Restless Leg Syndrome: Cause, Symptom, and Treatment

Restless Leg Syndrome can make for a miserable life. However, it does not have to rule your life. Learn the causes, symptoms, and management measures.

Those who have restless leg syndrome, also known as RLS, find that their legs feel as though they can never sit still. This is especially true when in a sitting position or when lying down. Since the person can usually not be still, this is also considered a sleep disorder, as it can interfere with sleep. Those who have RLS can develop this at any age and as a person ages, they usually find that the RLS gets worse. Those who deal with this day in and day out often find that they are drowsy throughout the day and that they have problems with traveling. The good news is that there are several ways in which a person can help to ensure that RLS is not controlling their lives.

Symptoms of RLS

Those who have RLS often find that they experience uncomfortable feelings in their legs. These feelings are usually described as pins and needles, an itchy feel or even as though something is crawling up their legs. When a person is resting, is when these symptoms are worse, hence the name of the syndrome. Those who do have these symptoms can have a mild or severe case, it really depends on the person. Those who have severe symptoms are often plagued with sleep disorders as well, as their legs keep them awake throughout the night, or simply does not allow the person to get comfortable enough to actually sleep.

What Causes Restless Leg Syndrome?

It is estimated that around 10% of the US population suffers from RLS. More women than men are affected; however, it can affect anyone, at any age. Though, older adults are often more susceptible to this. The good news is that once RLS is diagnosed, it can be treated with success. The causes for RLS can vary.

  • One of the most common causes is hereditary. Those who have parents who have this are at an increased chance of having this themselves.
  • Women who are pregnant can develop RLS, which is most commonly seen in the last trimester. However, most women after giving birth find that the RLS is no longer an issue.
  • There are a few medical conditions that can be accompanied by RLS or make RLS worse. For example, iron deficiency can make RLS worse or be the cause of RLS. While, peripheral neuropathy and kidney failure can also be the cause of RLS.

Can Restless Leg Syndrome Be Diagnosed?

There is no set test that is used to diagnose RLS; thus diagnosis can take a few trips to the doctor. However, doctors will rule out other causes of these symptoms with blood tests. Most doctors diagnose a patient based on the symptoms they are experiencing and their family history. Doctors also look at medications to ensure that this is not the result of something that a person may be taking. When being diagnosed with this, it can take several other tests to rule out other issues, while the doctor considers all the symptoms that a person is feeling.

How to Treat RLS

There are several ways in which RLS can be treated. Many people find that they can use home remedies to treat this on their own and suffer less from restless leg syndrome. While others find that they have to go to their doctor to get prescription medications.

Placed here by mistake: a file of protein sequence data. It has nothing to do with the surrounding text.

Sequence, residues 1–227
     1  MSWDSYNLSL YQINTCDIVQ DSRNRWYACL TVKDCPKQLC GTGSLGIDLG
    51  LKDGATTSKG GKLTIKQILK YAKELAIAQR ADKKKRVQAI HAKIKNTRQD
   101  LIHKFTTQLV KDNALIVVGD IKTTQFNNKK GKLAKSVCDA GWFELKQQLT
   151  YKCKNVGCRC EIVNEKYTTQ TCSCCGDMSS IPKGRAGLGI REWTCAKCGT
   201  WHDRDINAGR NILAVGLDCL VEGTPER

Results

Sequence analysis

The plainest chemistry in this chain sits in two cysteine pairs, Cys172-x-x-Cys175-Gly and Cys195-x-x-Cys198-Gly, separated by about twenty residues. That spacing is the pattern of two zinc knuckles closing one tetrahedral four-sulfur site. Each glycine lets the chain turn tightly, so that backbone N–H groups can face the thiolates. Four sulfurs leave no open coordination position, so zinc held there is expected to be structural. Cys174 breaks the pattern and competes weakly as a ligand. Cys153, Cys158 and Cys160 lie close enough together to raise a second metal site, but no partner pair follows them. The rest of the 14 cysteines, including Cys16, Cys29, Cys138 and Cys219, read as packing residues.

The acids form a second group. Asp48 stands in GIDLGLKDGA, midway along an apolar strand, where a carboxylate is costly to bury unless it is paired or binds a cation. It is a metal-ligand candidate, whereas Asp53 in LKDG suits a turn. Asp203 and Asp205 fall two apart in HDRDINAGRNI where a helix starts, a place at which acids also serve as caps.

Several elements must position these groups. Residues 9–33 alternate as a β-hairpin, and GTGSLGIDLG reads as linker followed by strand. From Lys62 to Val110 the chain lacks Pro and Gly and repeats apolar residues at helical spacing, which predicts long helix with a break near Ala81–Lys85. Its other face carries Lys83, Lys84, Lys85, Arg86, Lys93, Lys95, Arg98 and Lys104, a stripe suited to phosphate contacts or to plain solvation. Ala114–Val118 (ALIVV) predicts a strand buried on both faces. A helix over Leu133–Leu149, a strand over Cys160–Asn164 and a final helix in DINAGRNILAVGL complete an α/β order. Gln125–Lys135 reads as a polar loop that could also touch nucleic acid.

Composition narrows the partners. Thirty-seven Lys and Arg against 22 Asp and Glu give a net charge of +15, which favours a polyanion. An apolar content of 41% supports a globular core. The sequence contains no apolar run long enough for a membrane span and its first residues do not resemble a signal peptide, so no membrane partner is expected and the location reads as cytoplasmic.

Home Remedies

  • Adopting good sleep habits such as getting a set number of hours of sleep each night and avoiding any type of stimulants such as chocolate, sugar or coffee
  • Having the right exercise routine during the day that is not overworking the leg muscles and is not too late in the day, since either can make symptoms worse
  • Taking over the counter pain relief in order to help with the twitching and pain associated with RLS. Things such as Ibuprofen which can help to decrease the sensitivity that the person may be feeling are helpful
  • Using warm and cool packs and alternating these for the best effect
  • Learning to relax the body through the use of meditation or yoga as stress has been proven to make RLS worse in many patients. Learning how to relax the muscles with a warm bath and/or massage
  • Eliminating or cutting back on alcohol use, as this has been shown to increase the symptoms of RLS. Not smoking as this can affect how bad the syndrome really is
  • Taking a good multivitamin can help to ensure that the RLS is not caused by vitamin deficiencies in the body
  • Avoiding sitting in the same position for too long as this can make the symptoms even worse


There are also medications that can be taken, which is what a person must do if they find that changing their lifestyle has not helped. The medications which can be help are listed below:

  • Iron supplements can be taken if it is found the person has low iron which could be causing the RLS.
  • Dopaminergic drugs which work on the dopamine neurotransmitters in the brain. Such drugs would be Mirapex, Neupro and Requip, all of which have been approved by the FDA to use in RLS patients.
  • Benzodiazepines are also given to those with RLS who are having trouble with sleep.
  • Pain relievers are given to those who are having intense pain associated with RLS.
  • Anti-seizure drugs, known as anticonvulsants, are given to help with the tremors that a person may feel in the legs. Common types of these drugs are Tegretol, Nuerontin, Lyrica and Horizant.

It is important to note that not every medication is going to help an RLS patient. In fact, what helps one person may do nothing for someone else who has the same issues. Medical treatment is often a trial and error process to find which drugs will help to decrease the symptoms and help the person to sleep.

Understanding Restless Legs Syndrome (Health Guru):



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